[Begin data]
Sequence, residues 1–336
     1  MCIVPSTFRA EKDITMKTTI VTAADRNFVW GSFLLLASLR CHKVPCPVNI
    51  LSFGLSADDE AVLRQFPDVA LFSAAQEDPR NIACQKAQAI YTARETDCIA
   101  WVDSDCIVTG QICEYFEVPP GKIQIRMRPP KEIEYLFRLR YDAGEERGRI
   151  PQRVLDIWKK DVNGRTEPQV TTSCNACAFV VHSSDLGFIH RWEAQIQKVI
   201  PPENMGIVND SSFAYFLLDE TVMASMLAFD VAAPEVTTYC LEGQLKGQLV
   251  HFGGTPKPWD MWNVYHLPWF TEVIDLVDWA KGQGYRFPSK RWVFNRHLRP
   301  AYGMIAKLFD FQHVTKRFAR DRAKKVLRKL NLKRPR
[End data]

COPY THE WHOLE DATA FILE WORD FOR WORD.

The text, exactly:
Sequence, residues 1–336
     1  MCIVPSTFRA EKDITMKTTI VTAADRNFVW GSFLLLASLR CHKVPCPVNI
    51  LSFGLSADDE AVLRQFPDVA LFSAAQEDPR NIACQKAQAI YTARETDCIA
   101  WVDSDCIVTG QICEYFEVPP GKIQIRMRPP KEIEYLFRLR YDAGEERGRI
   151  PQRVLDIWKK DVNGRTEPQV TTSCNACAFV VHSSDLGFIH RWEAQIQKVI
   201  PPENMGIVND SSFAYFLLDE TVMASMLAFD VAAPEVTTYC LEGQLKGQLV
   251  HFGGTPKPWD MWNVYHLPWF TEVIDLVDWA KGQGYRFPSK RWVFNRHLRP
   301  AYGMIAKLFD FQHVTKRFAR DRAKKVLRKL NLKRPR